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Christoph Willibald GLUCK (1714-1787)
Orfeo ed Euridice
Philippe Jaroussky – Orfeo
Amanda Forsythe – Euridice
Emőke Baráth – Amore
Coro della Radiotelevisione Svizzera & I Barocchisti/Diego Fasolis
rec. 2016/17, Auditorio “Stelio Molo” RSI, Lugano-Besso, Switzerland
World premiere recording of the Naples Court Theatre Version of 1774
ERATO 9029566023 [77.38]

Gluck’s Orfeo ed Euridice, in whatever version, is based upon the ancient Greek tale that has repeatedly, beginning with Peri’s Euridice (the earliest known opera) provided the inspiration for numerous composers.

The first thing that must be stated is that this is not the normal version of Gluck’s masterpiece which was premiered at the Burgtheater in Vienna on October 5, 1762, but the version that was performed some twelve years later in Naples. This version was arranged for performance in front of Neapolitan royalty and the well-to-do and differs from both the original and the version performed in Paris in the same year 1774. The opera is regarded as Gluck’s most popular work, as well as the most influential on the development of German Opera; it was the first of his so called ‘reform’ operas, in that it did away with silly plots and complex and dense music in favour of simplified plots. The libretto is by the opera’s original librettist, Ranieri de’ Calzabigi, and is here described as a ‘Dramma in musica’ in seven scenes rather than the three acts of the other versions of the opera; it features some significant changes, especially in the third act which is drastically cut, with this version of the opera lasting around thirty minutes less than the original Viennese or even the Paris version. These cuts, for me, spoil the integrity of the opera and the flow, especially in the music of act three; gone is the wonderful duet between Orfeo and Euridice which is replaced with a complex and grandiose set piece, which seems at odds with Gluck’s search for ‘noble simplicity’, as well as this Euridice’s short, but not insignificant act three aria, also missing is some of the dance music. The most well known and popular numbers are still included, after all these are what made the opera famous, it is just the linking passages that are rearranged or missing altogether.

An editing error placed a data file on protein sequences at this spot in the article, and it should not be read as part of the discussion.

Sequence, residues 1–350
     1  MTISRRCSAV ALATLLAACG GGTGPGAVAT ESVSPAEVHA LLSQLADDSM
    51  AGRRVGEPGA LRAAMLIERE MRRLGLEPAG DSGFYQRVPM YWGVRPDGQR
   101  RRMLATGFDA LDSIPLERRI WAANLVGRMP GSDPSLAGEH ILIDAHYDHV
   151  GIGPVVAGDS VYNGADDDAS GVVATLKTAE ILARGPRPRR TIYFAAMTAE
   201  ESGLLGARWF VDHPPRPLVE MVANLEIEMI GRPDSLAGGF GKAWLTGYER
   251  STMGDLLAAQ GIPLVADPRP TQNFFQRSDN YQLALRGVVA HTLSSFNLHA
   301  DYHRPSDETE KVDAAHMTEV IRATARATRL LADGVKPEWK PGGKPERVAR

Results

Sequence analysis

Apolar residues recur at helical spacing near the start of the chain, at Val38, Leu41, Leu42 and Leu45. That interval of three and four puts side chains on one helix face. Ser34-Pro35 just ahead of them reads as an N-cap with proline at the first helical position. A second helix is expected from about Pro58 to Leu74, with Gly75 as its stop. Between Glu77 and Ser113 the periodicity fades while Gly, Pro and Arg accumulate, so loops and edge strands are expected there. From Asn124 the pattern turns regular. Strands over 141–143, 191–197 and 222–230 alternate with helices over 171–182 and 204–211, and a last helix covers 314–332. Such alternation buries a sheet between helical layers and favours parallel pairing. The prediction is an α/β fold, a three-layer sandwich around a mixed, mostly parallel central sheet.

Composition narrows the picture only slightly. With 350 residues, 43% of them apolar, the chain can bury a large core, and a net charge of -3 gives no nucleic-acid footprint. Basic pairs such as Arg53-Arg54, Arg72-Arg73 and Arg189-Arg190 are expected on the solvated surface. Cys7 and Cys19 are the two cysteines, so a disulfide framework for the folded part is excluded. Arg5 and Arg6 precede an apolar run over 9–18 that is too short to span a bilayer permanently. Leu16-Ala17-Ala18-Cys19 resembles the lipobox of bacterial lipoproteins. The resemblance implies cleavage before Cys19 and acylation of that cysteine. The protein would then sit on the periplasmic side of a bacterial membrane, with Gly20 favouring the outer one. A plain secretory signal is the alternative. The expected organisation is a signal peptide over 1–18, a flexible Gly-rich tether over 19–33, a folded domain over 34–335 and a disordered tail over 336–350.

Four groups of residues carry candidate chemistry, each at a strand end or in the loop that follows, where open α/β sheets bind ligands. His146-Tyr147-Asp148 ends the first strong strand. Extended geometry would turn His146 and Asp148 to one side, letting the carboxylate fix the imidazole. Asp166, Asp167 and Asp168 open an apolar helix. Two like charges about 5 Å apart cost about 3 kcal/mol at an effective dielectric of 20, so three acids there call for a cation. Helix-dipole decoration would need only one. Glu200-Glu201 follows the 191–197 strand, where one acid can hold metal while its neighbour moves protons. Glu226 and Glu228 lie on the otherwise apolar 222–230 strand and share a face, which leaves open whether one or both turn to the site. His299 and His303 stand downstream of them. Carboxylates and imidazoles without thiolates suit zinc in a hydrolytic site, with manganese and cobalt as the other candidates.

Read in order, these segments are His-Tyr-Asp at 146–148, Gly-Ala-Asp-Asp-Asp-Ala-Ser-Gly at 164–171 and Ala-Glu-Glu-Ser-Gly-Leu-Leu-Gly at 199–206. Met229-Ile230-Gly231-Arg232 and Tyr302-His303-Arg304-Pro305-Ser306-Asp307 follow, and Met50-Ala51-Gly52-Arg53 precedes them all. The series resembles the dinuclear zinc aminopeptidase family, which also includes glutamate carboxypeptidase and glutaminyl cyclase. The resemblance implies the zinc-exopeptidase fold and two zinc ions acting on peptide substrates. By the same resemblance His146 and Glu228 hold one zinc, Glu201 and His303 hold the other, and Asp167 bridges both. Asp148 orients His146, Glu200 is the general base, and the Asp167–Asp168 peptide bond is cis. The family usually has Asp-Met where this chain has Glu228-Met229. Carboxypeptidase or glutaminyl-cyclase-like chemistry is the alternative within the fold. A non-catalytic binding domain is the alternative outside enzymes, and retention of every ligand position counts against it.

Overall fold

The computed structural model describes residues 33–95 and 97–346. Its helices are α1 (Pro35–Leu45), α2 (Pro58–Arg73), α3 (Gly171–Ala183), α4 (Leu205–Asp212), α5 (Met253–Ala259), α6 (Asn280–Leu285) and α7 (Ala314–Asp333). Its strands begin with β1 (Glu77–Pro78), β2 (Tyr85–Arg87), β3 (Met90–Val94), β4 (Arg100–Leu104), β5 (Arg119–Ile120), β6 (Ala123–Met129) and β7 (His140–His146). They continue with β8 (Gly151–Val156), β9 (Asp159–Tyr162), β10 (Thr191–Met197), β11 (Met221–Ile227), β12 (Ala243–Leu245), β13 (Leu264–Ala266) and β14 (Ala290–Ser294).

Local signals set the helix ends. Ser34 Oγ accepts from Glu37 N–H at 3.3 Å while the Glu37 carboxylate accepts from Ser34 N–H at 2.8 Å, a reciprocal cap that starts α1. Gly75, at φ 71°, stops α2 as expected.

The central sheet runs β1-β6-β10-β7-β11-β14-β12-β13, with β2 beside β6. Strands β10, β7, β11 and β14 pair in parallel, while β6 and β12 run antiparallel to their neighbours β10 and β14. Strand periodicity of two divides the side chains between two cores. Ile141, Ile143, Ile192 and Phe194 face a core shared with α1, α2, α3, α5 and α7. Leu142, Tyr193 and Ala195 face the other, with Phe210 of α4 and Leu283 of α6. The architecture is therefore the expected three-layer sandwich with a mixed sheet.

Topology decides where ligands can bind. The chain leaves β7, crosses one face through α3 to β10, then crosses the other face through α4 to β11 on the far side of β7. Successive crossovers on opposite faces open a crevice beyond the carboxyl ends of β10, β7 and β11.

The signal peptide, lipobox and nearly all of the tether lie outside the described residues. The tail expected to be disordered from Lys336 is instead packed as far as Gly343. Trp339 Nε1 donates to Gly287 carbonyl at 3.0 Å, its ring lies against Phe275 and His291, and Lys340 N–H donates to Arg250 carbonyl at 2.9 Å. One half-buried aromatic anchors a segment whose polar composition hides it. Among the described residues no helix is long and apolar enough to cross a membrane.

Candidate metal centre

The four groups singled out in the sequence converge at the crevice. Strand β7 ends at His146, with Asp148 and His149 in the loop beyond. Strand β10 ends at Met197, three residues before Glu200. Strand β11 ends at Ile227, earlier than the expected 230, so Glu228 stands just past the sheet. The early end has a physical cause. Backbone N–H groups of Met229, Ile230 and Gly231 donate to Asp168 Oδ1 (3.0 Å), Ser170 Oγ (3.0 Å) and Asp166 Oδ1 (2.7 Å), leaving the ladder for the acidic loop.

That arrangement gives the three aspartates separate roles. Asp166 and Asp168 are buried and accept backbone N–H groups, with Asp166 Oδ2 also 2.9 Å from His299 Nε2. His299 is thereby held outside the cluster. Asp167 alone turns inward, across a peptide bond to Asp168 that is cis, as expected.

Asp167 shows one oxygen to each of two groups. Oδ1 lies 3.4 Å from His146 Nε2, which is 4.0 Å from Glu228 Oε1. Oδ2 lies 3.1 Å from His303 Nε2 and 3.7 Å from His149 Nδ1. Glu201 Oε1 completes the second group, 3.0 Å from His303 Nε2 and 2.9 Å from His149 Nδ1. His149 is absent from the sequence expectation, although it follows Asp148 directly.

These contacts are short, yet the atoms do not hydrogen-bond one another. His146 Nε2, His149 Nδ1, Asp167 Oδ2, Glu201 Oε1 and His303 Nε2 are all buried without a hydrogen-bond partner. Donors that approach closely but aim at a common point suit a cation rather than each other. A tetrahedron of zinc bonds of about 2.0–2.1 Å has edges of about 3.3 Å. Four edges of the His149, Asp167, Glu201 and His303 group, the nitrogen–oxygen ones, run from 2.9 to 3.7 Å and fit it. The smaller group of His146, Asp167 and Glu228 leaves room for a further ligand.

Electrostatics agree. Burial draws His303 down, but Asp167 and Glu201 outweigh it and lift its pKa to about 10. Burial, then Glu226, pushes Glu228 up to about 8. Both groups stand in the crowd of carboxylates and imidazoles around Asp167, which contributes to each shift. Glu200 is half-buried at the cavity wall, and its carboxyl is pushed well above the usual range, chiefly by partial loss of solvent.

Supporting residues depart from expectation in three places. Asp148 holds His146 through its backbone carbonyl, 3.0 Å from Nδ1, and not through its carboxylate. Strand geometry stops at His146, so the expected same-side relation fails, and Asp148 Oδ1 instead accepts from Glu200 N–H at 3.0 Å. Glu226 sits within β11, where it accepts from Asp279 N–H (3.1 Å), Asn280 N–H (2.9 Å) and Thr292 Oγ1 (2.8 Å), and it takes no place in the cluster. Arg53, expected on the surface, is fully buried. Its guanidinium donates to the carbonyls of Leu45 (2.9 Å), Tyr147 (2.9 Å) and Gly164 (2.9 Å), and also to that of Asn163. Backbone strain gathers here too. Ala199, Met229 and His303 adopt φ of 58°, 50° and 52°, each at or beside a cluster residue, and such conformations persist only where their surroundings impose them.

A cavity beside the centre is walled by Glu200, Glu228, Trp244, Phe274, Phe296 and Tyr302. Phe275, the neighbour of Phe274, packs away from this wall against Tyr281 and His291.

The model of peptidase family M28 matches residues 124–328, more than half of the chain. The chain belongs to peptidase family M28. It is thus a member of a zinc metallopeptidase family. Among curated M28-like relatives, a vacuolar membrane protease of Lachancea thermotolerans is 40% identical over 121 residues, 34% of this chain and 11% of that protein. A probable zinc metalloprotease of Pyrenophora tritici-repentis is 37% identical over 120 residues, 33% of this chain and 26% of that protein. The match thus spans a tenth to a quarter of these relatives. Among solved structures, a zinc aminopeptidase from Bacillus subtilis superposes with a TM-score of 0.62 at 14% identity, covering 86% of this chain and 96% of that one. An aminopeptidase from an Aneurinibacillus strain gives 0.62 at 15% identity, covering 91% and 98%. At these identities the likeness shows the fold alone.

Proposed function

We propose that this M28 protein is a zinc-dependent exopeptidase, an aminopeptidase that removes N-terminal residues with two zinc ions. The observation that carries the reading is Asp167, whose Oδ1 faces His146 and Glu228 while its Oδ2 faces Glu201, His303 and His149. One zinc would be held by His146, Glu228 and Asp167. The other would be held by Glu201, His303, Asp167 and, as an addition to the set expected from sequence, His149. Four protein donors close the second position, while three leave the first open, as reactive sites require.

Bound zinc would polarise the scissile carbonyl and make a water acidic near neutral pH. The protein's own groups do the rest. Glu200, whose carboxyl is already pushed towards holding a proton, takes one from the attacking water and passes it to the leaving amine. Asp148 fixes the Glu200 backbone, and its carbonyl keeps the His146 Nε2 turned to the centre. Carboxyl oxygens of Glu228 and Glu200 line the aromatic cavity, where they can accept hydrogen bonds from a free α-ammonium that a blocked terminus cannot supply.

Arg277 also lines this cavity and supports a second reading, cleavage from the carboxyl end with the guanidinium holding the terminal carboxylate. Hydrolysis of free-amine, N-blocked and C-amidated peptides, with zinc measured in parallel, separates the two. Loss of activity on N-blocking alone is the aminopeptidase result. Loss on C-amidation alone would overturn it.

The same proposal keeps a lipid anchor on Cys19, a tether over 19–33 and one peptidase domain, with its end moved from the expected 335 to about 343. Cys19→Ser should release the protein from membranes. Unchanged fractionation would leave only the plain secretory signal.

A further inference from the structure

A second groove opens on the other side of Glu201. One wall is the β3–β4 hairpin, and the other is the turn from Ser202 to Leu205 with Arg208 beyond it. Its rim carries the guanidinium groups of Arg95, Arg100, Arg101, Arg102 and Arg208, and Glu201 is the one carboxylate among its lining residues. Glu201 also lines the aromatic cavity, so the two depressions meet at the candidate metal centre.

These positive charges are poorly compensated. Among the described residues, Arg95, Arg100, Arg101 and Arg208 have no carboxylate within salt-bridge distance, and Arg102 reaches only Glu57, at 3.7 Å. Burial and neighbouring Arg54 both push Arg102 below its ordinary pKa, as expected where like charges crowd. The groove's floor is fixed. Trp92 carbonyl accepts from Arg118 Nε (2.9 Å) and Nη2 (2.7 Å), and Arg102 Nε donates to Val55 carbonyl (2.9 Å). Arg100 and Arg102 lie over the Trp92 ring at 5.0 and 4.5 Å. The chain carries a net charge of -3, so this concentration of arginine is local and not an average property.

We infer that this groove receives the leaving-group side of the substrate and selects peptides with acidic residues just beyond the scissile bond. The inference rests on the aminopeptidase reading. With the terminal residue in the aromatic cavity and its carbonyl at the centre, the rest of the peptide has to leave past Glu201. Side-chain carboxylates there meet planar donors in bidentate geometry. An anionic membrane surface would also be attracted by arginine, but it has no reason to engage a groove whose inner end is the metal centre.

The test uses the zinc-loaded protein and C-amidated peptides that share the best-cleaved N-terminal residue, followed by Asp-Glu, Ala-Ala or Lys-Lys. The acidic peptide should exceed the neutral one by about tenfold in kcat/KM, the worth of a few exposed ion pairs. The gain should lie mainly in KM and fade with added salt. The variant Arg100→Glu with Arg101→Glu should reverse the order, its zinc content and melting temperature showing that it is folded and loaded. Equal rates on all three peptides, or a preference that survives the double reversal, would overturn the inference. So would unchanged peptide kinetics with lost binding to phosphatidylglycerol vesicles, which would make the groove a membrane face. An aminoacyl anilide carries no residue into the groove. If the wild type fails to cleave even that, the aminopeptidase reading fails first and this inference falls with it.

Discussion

As to the performance, right from his opening cries of Euridice! in the first scene, Philippe Jaroussky is at his imperious best, here he embodies the sorrow of Orfeo as he laments the loss of his beloved Euridice; this is especially evident in his famous aria ‘Che faro sense Euridice’, colouring his voice as the opera continues to display the whole gambit of emotions his character is put through. Amanda Forsythe is excellent in her portrayal of the doomed heroine, especially in her final scene aria ‘Senza un addio?’ The other soloist Emőke Baráth as Amore is well matched to the main soloists and brings off her aria ‘Gli sguardi trattieni … Sai pur che talora’ with ease and great sensitivity. The chorus and orchestra are also in excellent form under the direction of Diego Fasolis, who tries his best to keep the action moving.

The presentation is wonderful, it comes in the form of a lavishly illustrated 104-page hardback book that contains excellent notes, synopsis and full text with translations. The recorded sound is very good too, indeed the only thing that lets this recording down is the work itself. I have René Jacobs’ excellent recording of the 1762 version (HMY292174243), as well as the DVD of the Berlioz edition by John Eliot Gardiner (2 165779 5). This recording is really only for Gluck completists or Jaroussky fans, as for me the heavy cuts detract too much from the original to be recommendable for anyone seeking the opera, that would be Jacobs’ recording.

Stuart Sillitoe

Previous review: Brian Wilson

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